Troon Tortoises A view from the Hills

Over the last few weeks a number of Tortoises have made there running debuts on grass at the XC in Kilmarnock and also ran a couple of hill races, who better than our very own Ladies Club Champion Anne Noble to give us an insight into this type of event and run

Hill Running – one Tortoise’s view
I love hill running because it releases the child in me. Having spent much of my childhood enjoying the Scottish countryside, I relish that feeling of carefree pleasure that comes from having reached the top of a hill and then tearing back down the other side. Quite different from the steady effort made over a road race.
There is a good introduction to hill racing on the Scottish Hill Racing website which it would be wise to read if you are planning your first race: … 202012.pdf
Having started racing later in life I’ve only tried a few Ayrshire races and there are many Scottish races I have not run so I hope others will add their comments. Over the years these have included:
• Kaim in April fills me with both the anticipation of being in the hills for the first time that year and also the knowledge that there is a tough challenge ahead. The first few hundred metres are on the road in Fairlie and then it’s up, up, up! If you prefer to wear shorts rather than leggings then be prepared to have your legs scratched on the heather. The first time I attempted Kaim I fell over twice in the mud but it just made me laugh I was having such fun acting like a kid. As with ultras, the people are friendly and there are always a few competitors from other Ayrshire clubs. On a clear evening the view is incredible over the marina at Largs, over Cumbrae and across to Arran. If you are lucky enough to have good weather then the drive back south along the coast can be lovely too.
• In May this year I finally managed to get to Arran to attempt Goatfell. There is always a check with the local Mountain Rescue group before the race proceeds and there was some doubt about the conditions (I heard one runner say we were only getting our photo taken so that they would know who to search for later in the day) but we set off from the sports centre in Brodick to the sound of bagpipes and were lucky and there was a magnificent view from the top (yes, it is worth taking a minute to look). A long route but very rewarding and the tea and cake at the end is most welcome. A fabulous Saturday out.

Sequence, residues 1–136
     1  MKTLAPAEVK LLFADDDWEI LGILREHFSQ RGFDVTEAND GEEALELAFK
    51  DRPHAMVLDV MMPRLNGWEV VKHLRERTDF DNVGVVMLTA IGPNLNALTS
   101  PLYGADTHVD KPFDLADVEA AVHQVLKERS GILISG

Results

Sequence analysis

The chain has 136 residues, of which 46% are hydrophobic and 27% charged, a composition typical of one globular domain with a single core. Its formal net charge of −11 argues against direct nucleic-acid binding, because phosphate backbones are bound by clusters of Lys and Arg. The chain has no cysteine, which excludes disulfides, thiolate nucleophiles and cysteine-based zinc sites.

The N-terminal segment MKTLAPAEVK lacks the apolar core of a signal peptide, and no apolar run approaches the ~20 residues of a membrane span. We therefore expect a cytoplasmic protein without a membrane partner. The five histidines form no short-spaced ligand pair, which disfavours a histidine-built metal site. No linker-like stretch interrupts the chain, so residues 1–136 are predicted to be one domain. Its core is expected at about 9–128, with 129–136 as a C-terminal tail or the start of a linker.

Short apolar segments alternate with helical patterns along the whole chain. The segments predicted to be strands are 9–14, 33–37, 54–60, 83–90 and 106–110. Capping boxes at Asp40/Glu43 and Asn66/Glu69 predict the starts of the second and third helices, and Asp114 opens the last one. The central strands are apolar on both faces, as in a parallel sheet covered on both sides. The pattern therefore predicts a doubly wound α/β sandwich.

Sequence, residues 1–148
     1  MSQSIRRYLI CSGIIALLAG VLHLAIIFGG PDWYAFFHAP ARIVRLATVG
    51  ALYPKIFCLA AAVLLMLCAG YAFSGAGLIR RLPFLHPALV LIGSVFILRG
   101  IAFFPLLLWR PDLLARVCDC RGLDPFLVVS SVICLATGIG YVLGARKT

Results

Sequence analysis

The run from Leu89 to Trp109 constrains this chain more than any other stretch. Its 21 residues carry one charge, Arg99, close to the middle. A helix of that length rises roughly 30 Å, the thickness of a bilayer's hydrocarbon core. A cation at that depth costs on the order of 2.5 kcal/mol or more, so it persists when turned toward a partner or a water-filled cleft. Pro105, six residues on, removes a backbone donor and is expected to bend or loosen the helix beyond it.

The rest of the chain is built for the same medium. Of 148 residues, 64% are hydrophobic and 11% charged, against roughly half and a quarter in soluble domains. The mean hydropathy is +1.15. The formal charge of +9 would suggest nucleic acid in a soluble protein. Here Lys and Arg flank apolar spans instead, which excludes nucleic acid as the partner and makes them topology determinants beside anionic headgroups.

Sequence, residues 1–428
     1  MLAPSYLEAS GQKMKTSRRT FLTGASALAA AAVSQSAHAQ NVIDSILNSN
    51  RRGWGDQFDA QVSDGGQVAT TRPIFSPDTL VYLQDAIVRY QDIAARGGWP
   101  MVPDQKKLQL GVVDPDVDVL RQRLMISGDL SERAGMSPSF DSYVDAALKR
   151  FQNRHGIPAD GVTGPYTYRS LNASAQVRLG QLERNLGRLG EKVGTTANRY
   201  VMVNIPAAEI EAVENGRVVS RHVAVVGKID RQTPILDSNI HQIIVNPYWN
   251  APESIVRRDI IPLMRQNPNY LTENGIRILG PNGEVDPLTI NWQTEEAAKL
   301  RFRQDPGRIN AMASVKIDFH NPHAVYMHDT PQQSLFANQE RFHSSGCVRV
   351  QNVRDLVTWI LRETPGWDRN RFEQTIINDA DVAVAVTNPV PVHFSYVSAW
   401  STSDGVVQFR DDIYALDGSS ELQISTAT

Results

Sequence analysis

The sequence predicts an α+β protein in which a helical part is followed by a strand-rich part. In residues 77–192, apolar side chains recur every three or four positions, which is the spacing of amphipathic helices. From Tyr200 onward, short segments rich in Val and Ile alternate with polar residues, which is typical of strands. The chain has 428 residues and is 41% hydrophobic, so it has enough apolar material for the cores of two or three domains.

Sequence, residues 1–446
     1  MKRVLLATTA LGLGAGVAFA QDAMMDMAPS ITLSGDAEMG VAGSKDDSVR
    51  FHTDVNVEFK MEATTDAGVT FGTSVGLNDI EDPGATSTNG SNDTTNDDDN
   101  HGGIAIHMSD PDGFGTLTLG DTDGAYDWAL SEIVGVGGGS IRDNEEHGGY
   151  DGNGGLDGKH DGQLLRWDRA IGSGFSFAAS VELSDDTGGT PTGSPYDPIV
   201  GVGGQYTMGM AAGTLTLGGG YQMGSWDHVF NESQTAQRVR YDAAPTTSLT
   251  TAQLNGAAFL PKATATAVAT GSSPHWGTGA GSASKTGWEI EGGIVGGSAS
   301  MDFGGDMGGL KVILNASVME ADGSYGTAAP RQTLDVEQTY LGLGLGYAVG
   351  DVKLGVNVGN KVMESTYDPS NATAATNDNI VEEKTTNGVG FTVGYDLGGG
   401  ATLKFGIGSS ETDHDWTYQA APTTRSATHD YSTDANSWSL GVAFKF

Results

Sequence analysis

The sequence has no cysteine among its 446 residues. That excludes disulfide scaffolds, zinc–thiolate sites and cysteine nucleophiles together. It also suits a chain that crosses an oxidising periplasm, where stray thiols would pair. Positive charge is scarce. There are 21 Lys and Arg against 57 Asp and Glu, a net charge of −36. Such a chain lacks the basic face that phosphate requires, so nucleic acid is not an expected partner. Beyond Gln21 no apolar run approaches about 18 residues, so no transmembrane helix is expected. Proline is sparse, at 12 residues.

• On a Sunday afternoon in June you can head south to Girvan to take part in the Lowland Games Saugh Hill race. This gives a completely different context with local dignitaries starting the race and a very public finish back in to Victoria Park.
• Mid week in July brings the Cairn Table race organised by East Ayrshire. Even July can bring bad weather and I did once drive over from Irvine only to find it had been cancelled. Be prepared to get wet and muddy! This is true of all the hills but the flat section at the beginning (and end) can be really boggy. I really like Cairn Table and this was my first hill.
• There’s a great atmosphere at Straiton on a Saturday afternoon in August when villagers hold their annual fete which includes the Craigengower Hill Race. You might be fooled into thinking that it is a comfortable run as you make your way through the pretty village but, once off the road, you soon realise that even the farmer’s field is on a hill and it becomes harder to breathe. After an interesting twist through the forest (by which point the children have returned) you will emerge at the stile from which only the fittest can run up the hill proper. Mere mortals like me are happy to walk to the top (again a great view) and then run, slide or slip all the way back down to the forest returning the same way to the field where the fete takes place. A short race but still very much a challenge. If you have young children it is a great way to spend a Saturday afternoon with lots of events. If you don’t, then you might want to indulge in home baking or an ice-cream.
• In September make your way to Glen Trool and tackle the Merrick. Having walked the route a few times I knew the summit could be windy but my first attempt at the hill race the route was shortened due to wind speeds of 70mph! We were very grateful to the marshalls who braved the wind and cold and, indeed, it is the first time I have seen prizes given to marshalls when some who had helped out for several years were thanked with a gift and a warm round of applause from the runners. Last year I returned to tackle the complete route and loved it.
Don’t forget that hill running has its own risks and some of the above require waterproofs, compass, map, etc. Although most of the races I have run are out and back the same way, it is not always easy to be sure of your route.
Scottish Hill Racing is also a good source of information:
As you will have realised, I tend to stick with the Ayrshire races so you may want to try further afield. Scottish Hill Runners have a list of the 2015 races which will give you an idea of what 2016 might look like. Go on, give it a try!



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  1. On November 06, 2015 bobby Miller says:

    Great article Anne…well scripted …

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